You probably won’t believe me, but I knew about two weeks after I started dating The Musician that I was going to marry him – that was two years and eight months ago. It has been two years and eight months of smiling, singing, laughing and basically all-round bliss. I’m not kidding. It’s true. You probably won’t believe this either, but we STILL haven’t had a single argument. NOT. ONE. Not a raised voice, not a rolled eye, not a bad word. Don’t get me wrong – there have been plenty of other “EX-ternal” reasons for raised voices and frustrations, but even in the face of obscene difficulties, his resolve and grace under pressure only make me love him more.
Should I be letting a geneticist know so we can clone this guy?
I almost feel guilty I hit the jackpot and I have all these amazing single girlfriends who are wading through tinder profiles of serial killers and tragic nobodies lost in the abyss of singledom, not to mention the liars, the cheaters, the married men and the closet homosexuals who are wasting everyone’s time (don’t get me started). Not that there’s anything wrong with singledom – I loved it. I just didn’t love the propensity for dickheads to congregate there. There are plenty of married dickheads too I suppose (like the ones on tinder).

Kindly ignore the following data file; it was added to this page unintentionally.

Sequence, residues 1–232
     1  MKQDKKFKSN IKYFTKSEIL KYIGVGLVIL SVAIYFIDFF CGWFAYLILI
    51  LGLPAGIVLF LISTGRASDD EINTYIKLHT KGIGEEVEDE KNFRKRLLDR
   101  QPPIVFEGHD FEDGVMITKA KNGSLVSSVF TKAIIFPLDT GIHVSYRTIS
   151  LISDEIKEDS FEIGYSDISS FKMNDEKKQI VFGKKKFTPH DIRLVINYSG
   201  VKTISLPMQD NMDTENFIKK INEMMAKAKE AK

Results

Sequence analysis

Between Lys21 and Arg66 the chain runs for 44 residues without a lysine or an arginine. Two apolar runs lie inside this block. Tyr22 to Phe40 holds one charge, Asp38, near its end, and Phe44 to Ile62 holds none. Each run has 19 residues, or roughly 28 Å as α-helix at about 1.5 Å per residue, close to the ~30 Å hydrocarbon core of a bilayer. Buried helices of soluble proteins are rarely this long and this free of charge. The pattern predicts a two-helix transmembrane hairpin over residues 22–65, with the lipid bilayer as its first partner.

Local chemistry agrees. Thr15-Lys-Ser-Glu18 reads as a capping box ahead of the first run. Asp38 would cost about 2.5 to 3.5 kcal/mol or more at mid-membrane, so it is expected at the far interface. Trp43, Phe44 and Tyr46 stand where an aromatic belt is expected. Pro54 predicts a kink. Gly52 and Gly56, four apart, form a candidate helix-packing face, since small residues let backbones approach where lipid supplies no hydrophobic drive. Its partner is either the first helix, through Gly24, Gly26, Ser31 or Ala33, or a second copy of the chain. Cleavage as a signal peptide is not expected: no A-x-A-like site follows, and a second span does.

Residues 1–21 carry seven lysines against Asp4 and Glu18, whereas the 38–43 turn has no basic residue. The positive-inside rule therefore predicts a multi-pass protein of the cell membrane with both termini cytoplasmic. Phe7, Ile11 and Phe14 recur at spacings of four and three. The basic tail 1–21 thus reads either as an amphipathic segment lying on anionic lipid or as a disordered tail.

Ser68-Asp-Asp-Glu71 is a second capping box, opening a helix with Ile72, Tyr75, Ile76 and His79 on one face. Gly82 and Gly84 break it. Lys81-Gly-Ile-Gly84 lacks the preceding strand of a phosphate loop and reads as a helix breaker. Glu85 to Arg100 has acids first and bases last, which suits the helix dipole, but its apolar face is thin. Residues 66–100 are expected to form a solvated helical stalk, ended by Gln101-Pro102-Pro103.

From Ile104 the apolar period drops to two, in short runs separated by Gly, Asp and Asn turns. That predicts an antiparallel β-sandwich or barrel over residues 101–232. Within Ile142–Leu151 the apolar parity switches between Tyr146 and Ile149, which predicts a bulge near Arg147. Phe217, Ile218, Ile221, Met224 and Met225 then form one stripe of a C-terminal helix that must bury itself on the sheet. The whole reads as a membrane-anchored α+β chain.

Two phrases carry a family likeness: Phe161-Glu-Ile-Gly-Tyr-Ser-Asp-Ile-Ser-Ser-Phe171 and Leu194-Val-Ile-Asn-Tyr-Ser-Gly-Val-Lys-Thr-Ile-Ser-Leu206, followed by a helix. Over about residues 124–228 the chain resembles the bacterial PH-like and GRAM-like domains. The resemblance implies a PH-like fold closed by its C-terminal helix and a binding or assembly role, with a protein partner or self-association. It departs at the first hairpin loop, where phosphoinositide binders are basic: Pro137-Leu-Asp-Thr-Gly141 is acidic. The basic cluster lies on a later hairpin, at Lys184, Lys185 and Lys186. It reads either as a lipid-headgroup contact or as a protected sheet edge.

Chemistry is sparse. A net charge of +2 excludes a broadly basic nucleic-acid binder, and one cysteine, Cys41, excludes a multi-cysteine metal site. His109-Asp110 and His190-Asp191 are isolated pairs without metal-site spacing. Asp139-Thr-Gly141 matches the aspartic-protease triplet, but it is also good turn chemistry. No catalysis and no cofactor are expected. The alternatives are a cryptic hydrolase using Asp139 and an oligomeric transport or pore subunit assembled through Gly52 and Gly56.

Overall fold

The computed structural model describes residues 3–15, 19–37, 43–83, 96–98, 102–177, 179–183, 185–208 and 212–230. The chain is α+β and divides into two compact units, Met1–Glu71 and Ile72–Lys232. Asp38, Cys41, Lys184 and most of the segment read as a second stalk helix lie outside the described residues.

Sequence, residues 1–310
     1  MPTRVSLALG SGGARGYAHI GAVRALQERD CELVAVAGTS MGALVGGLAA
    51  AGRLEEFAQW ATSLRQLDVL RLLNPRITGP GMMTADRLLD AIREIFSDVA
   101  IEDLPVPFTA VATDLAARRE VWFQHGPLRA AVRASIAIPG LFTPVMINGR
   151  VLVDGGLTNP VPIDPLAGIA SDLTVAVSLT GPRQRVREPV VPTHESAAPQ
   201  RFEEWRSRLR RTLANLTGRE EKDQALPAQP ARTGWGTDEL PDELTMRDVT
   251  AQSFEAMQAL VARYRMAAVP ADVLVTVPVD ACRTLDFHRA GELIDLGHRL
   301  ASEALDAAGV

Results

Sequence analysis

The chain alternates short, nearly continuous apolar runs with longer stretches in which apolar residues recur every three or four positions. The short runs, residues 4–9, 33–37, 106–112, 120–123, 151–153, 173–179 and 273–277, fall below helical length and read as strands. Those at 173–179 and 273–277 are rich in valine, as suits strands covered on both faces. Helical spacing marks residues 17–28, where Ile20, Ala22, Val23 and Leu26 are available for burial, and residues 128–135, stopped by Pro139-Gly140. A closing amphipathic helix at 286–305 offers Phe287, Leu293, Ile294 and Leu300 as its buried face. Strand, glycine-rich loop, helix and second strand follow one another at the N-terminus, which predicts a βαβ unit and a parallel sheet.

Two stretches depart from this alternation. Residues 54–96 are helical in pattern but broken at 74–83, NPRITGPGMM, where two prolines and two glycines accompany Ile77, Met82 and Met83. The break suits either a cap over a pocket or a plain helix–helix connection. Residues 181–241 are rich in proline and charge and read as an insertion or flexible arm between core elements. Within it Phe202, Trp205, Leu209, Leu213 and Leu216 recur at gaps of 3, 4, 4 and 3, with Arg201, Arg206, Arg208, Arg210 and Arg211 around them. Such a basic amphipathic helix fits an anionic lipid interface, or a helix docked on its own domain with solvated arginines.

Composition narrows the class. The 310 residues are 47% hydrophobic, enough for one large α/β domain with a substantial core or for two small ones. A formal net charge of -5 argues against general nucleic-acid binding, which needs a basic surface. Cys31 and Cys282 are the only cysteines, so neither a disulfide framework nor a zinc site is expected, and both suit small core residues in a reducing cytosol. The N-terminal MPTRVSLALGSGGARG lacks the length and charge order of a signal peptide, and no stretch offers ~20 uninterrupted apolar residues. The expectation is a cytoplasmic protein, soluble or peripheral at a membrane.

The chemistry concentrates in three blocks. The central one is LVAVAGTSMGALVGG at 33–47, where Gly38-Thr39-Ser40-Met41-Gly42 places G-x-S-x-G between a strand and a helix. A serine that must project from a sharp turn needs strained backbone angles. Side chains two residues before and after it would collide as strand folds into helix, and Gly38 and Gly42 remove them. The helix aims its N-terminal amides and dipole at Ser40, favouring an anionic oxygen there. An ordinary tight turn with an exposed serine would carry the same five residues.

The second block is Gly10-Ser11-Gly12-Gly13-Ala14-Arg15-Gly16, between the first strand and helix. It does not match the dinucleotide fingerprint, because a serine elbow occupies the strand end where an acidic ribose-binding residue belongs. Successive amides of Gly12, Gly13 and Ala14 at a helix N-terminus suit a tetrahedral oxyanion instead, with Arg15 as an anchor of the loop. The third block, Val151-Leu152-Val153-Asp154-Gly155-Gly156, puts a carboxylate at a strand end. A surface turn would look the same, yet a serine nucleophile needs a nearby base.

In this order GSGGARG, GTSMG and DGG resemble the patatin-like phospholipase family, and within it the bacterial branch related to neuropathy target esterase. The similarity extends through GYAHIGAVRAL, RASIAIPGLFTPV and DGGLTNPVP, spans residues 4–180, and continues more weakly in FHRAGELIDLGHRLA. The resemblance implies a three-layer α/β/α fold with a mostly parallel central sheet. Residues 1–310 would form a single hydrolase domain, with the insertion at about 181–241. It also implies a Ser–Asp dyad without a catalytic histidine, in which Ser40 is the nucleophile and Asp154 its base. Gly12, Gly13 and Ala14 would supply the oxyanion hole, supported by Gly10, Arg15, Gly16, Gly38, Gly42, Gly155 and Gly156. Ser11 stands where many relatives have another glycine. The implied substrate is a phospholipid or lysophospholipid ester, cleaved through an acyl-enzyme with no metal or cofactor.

Saying “I do” the second time around feels sooo right compared to the uncertainty I felt the first time I was blinkered and coaxed into the holding yards – that was a race no one won. Although I think my then mother-in-law may have been taking bets on the loser. Over the last decade or so less Australians have married for the second time, according to the Australian Bureau of Statistics (ABS). In 2013 almost one third of marriages in Australia were between couples where one or both had been married before (approximately 32,000 compared to 37,000 in 1993).
And of those marriages there is a greater likelihood of blended families with children present from previous marriages or relationships. This brings me to my two little cherubs. There are only a few absolutes in life – things that resonate with such certainty down to your very core. Two of those absolutes are my daughters and the bond that we share. Any mother will tell you the connection you have to your child is as certain as the air you breathe.
One of my absolutes, let’s call her A1, isn’t so enthusiastic about sharing her mum with The Musician. She sees us as a tight-knit trio, not a quartet. Her exact words were “we’re like the Gilmore Girls mum. It’s just us. You’re mine and I’m yours.” And I completely understand how she feels. I was THE most over protective daughter when it came to my own single mother and potential new partners. I had seen the hurt and pain she endured after my father left and it took us years to overcome the financial and emotional strain. A1 has also seen enough in her short life to warrant a well-founded fear of marriage and probably men in general. Thankfully The Musician is helping to dispel those fears with the gentle assurance only he can impart.